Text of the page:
Tell and Show: the evolving relationship between films and their websites

Research output: Contribution to conferencePaper


Roland Emmerich's 'Independence Day' was the first film in the UK to have
its own web site in 1996. Since then film sites have evolved from basic "shop
window" style advertising to telling stories in their own right. The success of 'The
Blair Witch Project''s site set a benchmark which meant that from this point forward
no film project would be complete without its companion site. Drawing on N.
Katherine Hayles notion of the "writing machine" and other new media theorists, this
paper will explore some of the narrative and stylistic traits which have emerged in
recent years on film web sites. These include the fictional "corporate" site for films
as diverse as 'Eternal Sunshine of the Spotless Mind', 'Godsend' and 'The Manchurian
Candidate'; the "game play" aesthetics of sites for films such as 'Donnie Darko' and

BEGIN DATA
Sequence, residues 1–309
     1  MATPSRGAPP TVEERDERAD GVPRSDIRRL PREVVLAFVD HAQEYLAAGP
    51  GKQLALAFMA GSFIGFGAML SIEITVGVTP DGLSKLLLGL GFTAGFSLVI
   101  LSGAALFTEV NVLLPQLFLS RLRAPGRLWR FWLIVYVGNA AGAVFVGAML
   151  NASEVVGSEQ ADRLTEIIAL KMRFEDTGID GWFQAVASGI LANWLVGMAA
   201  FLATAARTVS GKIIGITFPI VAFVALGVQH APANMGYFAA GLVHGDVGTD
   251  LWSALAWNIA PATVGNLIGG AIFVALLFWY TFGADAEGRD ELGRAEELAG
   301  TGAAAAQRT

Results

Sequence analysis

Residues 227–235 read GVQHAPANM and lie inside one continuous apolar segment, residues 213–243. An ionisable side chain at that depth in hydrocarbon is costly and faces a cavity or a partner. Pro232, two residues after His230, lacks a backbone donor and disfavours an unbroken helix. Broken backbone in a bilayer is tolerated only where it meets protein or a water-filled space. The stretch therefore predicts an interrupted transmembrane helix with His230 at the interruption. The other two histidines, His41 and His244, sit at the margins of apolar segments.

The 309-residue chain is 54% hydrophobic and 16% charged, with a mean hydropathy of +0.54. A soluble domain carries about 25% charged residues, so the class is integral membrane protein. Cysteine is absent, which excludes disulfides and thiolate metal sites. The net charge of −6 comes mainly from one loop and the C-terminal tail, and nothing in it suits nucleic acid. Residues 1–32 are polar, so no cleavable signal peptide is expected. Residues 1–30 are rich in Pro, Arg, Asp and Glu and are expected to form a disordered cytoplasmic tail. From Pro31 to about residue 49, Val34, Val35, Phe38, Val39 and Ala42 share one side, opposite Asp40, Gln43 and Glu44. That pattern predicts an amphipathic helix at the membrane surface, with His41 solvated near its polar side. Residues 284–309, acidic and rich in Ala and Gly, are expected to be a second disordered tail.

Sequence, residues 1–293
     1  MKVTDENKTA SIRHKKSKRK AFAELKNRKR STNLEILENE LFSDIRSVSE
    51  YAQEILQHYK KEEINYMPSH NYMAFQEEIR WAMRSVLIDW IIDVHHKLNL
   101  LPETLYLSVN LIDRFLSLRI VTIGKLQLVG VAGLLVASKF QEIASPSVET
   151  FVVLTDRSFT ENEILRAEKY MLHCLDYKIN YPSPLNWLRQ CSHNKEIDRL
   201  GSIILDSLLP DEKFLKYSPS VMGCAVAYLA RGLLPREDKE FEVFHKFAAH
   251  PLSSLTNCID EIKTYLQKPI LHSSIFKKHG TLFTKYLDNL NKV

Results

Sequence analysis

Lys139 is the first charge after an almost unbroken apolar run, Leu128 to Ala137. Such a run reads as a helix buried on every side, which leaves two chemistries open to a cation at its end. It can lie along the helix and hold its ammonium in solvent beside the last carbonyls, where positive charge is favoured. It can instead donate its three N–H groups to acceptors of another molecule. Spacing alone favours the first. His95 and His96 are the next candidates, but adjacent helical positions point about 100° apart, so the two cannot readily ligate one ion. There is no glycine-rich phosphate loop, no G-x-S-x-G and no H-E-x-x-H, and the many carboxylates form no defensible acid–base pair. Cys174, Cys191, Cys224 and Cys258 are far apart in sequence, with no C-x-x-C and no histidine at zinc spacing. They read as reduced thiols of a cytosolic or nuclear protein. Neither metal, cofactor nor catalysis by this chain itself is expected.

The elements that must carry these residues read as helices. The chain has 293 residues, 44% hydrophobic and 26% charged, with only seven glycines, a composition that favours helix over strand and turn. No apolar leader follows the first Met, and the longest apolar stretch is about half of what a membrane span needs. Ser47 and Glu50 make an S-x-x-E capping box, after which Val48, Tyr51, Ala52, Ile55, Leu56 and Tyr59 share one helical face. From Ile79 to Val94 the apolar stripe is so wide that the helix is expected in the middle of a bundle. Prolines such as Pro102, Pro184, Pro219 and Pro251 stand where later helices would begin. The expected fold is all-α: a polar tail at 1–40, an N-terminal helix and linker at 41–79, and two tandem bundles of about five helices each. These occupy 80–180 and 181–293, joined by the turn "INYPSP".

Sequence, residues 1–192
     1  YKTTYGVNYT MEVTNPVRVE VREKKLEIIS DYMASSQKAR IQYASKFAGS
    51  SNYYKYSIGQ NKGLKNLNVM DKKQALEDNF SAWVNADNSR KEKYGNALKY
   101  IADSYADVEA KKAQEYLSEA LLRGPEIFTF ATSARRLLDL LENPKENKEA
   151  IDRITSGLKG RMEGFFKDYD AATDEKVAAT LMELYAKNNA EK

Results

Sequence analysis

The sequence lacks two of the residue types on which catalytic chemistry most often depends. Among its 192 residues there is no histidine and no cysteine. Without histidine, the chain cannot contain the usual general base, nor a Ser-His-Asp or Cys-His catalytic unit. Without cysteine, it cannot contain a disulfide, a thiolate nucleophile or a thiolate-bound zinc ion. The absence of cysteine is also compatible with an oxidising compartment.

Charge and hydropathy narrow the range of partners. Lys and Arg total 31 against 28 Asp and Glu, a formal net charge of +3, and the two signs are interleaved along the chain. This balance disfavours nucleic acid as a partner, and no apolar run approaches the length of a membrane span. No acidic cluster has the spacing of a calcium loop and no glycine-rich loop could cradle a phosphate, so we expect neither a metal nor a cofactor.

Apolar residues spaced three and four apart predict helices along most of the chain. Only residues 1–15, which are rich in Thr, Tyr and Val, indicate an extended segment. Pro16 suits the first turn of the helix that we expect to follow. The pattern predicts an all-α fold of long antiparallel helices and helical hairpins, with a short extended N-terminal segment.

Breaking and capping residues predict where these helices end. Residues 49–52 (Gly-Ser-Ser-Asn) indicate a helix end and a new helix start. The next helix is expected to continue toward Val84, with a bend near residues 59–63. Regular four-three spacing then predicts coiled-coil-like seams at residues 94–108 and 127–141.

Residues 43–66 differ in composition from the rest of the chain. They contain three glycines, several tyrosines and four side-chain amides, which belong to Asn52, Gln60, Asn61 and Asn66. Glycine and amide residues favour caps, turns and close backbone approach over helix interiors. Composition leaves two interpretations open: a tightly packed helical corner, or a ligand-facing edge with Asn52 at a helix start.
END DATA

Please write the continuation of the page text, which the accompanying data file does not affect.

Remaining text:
'District 9' and the "home page" site for film series like 'The Matrix' and Peter
Greenaway's 'Tulse Luper Suitcases'. This paper contends that media convergences
have created complementary as well as competitive relationships between the big
screen and the small screen which are, in turn, producing environments for the
development of interesting new forms of narrative.
Original languageEnglish
Publication statusPublished - 2011
EventThe Big Screen versus The Small Screen Conference - Canterbury, United Kingdom
Duration: 16 Feb 201116 Feb 2011


ConferenceThe Big Screen versus The Small Screen Conference
Country/TerritoryUnited Kingdom


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